Volunteers rebuild long-standing horse ring


LAST SATURDAY IN Bristol 17 volunteers helped dismantle the old horse ring on Liberty Street, dug new postholes and installed 75 posts for a brand-new ring. The newly formed Bristol Horse Ring Committee, which is overseeing the project, hopes to bring horse shows, clinics and other events back to the town. Photo by Martha Chesley

BRISTOL HORSE RING Committee members Kate Selby (left) and Lynda Malzac install a post for the Liberty Street horse ring on Saturday. Malzac is spearheading the project to bring horse culture back to the town — and to honor her mentor, the legendary horse trainer Juna Perlee. Photo by Meridith McFarland

A VOLUNTEER CUTS cedar posts to length at the Bristol Horse Ring on Liberty Street Saturday. After removing old fencing, volunteers installed 75 of the posts for a new horse ring—the fourth to be built on that spot since 1956. Whereas the last horse ring was more of a rectangle, the new version will be oval-shaped. Photo by Martha Chesley

VOLUNTEERS IN BRISTOLl fill in around newly installed posts at the Liberty Street Horse Ring on Saturday. The very first ring on that spot was built in 1956. Photo by Martha Chesley

BRISTOL — Last Saturday’s chilly, gloomy weather may have been terrible for things like sunbathing, but it was perfect for the newly formed Bristol Horse Ring Committee, whose members spent the day doing a heck of a lot of work outside.

From 8 a.m. until 4 p.m., with a keen sense of the legacy they were perpetuating, 17 volunteers dismantled the old horse ring on Liberty Street, dug new postholes and installed 75 cedar posts — with the bark still on them.

“Our mission is to honor the history of the horse ring and to promote events there,” said Bristol horse trainer and Horse Ring Committee leader Lynda Malzac in a telephone interview with the Independent.

More broadly, it’s about sharing their knowledge of and passion for horses, she added. 

Once the new ring is complete, organizers hope to reintroduce Bristol and surrounding communities to the joys of horses by hosting lessons, clinics and shows.

The committee had lined up a couple of events for this year, in fact, but then the COVID-19 pandemic hit, so they are now looking forward to 2021, when they aim to provide clinics on things like vaulting and draft-horse driving.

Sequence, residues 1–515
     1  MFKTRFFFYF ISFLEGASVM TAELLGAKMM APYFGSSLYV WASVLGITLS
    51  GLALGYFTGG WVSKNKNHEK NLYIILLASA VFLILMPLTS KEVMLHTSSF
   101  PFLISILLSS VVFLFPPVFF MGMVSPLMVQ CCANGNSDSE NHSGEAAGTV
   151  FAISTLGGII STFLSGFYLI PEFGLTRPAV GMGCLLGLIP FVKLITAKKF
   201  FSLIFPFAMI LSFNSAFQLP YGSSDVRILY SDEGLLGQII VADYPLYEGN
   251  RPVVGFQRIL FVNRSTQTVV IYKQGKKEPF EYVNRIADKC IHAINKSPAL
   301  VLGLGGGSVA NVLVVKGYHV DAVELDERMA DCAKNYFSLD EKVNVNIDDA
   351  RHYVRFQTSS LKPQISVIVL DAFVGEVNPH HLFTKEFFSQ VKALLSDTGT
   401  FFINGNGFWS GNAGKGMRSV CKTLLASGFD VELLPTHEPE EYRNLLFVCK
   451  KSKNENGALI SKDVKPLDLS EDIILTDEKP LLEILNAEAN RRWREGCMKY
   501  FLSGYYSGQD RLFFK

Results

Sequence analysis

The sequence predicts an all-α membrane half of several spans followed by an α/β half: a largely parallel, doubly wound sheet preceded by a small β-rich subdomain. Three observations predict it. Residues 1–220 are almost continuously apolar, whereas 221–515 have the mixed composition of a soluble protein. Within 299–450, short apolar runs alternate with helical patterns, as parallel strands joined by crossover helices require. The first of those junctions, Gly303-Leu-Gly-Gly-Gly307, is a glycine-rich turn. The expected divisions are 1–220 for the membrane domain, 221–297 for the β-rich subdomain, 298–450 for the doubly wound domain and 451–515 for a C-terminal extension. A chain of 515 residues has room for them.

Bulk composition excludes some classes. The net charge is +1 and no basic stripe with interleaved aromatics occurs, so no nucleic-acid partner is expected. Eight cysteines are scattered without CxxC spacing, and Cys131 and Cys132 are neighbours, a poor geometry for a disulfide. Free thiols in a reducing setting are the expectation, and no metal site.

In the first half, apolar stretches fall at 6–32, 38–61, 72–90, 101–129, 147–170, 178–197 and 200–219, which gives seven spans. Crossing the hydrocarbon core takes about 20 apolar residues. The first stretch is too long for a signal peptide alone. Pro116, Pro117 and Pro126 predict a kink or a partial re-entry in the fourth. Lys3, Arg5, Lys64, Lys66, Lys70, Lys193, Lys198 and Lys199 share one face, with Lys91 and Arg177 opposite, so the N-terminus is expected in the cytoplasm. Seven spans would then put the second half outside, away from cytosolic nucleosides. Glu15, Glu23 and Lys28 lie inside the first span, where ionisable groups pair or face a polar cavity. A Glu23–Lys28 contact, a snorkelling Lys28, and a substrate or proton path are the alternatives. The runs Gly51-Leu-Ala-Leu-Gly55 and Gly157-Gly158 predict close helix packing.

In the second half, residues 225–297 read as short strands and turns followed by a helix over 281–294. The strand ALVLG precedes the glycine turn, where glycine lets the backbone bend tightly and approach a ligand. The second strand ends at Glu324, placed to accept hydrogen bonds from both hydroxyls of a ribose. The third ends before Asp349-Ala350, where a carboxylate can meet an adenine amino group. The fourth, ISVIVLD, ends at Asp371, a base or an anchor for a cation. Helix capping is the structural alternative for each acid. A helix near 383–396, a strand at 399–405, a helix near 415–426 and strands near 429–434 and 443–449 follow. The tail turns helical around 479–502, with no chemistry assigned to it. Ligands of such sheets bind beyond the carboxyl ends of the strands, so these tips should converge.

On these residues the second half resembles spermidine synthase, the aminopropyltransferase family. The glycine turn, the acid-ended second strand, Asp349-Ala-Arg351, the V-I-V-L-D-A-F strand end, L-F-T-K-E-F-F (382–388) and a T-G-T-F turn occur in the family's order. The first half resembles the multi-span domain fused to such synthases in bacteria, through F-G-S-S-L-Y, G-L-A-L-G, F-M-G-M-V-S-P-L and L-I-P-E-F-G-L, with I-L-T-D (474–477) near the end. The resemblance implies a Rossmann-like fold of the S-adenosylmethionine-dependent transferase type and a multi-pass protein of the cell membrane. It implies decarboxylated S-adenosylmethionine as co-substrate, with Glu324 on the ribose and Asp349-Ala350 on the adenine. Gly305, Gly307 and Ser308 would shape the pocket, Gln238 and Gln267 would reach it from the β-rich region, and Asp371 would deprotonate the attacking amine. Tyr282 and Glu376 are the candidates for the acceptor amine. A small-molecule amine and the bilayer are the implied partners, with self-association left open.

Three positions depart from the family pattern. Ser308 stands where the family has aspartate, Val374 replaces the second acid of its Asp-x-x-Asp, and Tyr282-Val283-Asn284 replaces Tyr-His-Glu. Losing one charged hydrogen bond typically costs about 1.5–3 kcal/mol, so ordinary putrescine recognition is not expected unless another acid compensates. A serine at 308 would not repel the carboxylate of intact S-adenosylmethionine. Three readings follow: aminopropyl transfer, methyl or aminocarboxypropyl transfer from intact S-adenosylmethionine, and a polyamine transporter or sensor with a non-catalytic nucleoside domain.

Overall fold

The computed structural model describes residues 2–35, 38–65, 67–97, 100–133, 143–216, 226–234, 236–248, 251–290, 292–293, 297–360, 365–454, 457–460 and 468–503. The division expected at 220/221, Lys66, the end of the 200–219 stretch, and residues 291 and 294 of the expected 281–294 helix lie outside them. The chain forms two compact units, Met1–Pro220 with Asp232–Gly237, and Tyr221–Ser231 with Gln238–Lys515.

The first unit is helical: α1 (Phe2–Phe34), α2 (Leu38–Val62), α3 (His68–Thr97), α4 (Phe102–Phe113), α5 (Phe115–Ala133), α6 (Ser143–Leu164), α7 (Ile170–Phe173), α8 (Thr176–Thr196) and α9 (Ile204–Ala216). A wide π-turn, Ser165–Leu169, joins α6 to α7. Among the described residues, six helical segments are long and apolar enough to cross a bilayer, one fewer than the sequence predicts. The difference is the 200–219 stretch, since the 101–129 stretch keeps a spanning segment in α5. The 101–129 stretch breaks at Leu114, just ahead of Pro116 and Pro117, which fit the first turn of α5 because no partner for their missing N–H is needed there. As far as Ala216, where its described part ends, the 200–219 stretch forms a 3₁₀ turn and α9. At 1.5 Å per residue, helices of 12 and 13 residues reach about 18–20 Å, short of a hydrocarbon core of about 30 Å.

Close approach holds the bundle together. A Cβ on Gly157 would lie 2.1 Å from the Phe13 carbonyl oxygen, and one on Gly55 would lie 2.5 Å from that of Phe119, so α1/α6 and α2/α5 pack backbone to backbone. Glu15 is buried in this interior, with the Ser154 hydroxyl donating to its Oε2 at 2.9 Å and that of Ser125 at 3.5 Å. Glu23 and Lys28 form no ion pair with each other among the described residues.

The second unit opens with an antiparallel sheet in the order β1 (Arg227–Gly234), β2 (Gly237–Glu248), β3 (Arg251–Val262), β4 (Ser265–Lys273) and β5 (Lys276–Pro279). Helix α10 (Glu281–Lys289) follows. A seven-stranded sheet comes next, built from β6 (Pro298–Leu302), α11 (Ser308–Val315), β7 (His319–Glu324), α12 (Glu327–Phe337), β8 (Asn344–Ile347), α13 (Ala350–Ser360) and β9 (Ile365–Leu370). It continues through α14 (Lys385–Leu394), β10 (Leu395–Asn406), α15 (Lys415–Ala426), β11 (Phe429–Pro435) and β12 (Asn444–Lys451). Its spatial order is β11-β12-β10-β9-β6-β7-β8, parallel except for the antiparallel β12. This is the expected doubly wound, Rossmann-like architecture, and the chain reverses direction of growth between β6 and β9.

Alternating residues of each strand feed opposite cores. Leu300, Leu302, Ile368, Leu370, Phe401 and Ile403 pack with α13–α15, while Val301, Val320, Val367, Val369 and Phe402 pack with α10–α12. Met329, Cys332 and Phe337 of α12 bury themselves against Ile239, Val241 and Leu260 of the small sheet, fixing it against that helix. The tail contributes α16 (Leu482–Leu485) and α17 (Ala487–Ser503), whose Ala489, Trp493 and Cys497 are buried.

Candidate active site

“We have lots of ideas,” Malzac said. “And the neat thing is that because this is right in the village, people can just walk over and watch the events.”

HISTORY

Malzac said she believes this will be the fourth horse ring to be built at the Liberty Street location, which is owned by the town of Bristol.

The first ring was built in 1956, under the leadership of Malzac’s mentor, Juna Perlee, who also founded the Bristol Riding Club.

For years, the Riding Club hosted shows every spring and autumn, which drew 50 or 60 horses, Malzac recalled, and a lot of spectators.

In 1966, Perlee founded the 4-H Riding Club.

Perlee’s granddaughter Chanin Hill remembers those days.

“I grew up riding in the ring,” she said.

Hill estimated that hundreds of lessons and horse shows have taken place at that spot over the decades. Sometimes the ring was so well-worn that they overspread it with bark to keep the dust down.

It was also a meet-up spot for kids with horses, who would then go off riding together around town.

“The ring was part of growing up in town with horses,” Hill said. “I would like to see it become that place again.”

Malzac estimates that there were 25 or 30 horses in or close to Bristol Village in those days — and a lot of dirt roads. Now, many of those roads are paved, with fast-moving traffic and narrow shoulders, and there are only a handful of horses left in the village.

And over the past 10 years, the previous riding ring had fallen into disuse and disrepair.

“That place means a lot to me, and I felt it was disrespectful to leave it,” Malzac said. Either it should be rebuilt, she thought, or taken down.

NEW LIFE

Malzac had no trouble finding support for a new ring. She talked to a few local horse families and experts, who ended up donated both time and resources to the project.

She also reached out to Bristol Rec Department Director Meridith McFarland, who expressed enthusiasm for the idea and who helped out on Saturday, hauling away the remnants of the old fencing.

“Lynda has taken charge and really made things happen,” McFarland said.

Now that the posts are set, all that remains is to attach the hemlock planks, which the horse ring committee plans to do when they get another day of work-friendly weather.

When it’s up and running, the ring won’t necessarily be limited to horse-related activities, however, said Malzac and McFarland.

For instance, with the addition of temporary mesh fencing, the space could easily be used for dog-agility training, they said. McFarland, who used to work at the Sugarbush ski resort, has already begun exploring the idea of using ski-race fencing for such a purpose.

The space could also be used for a range of community events.

But for now Malzac’s main focus has been on bringing horses back — and honoring Juna Perlee in the process.

“We’re really excited about promoting horses and getting new activities in the ring,” she said.

Reach Christopher Ross at christopherr@addisonindependent.com.

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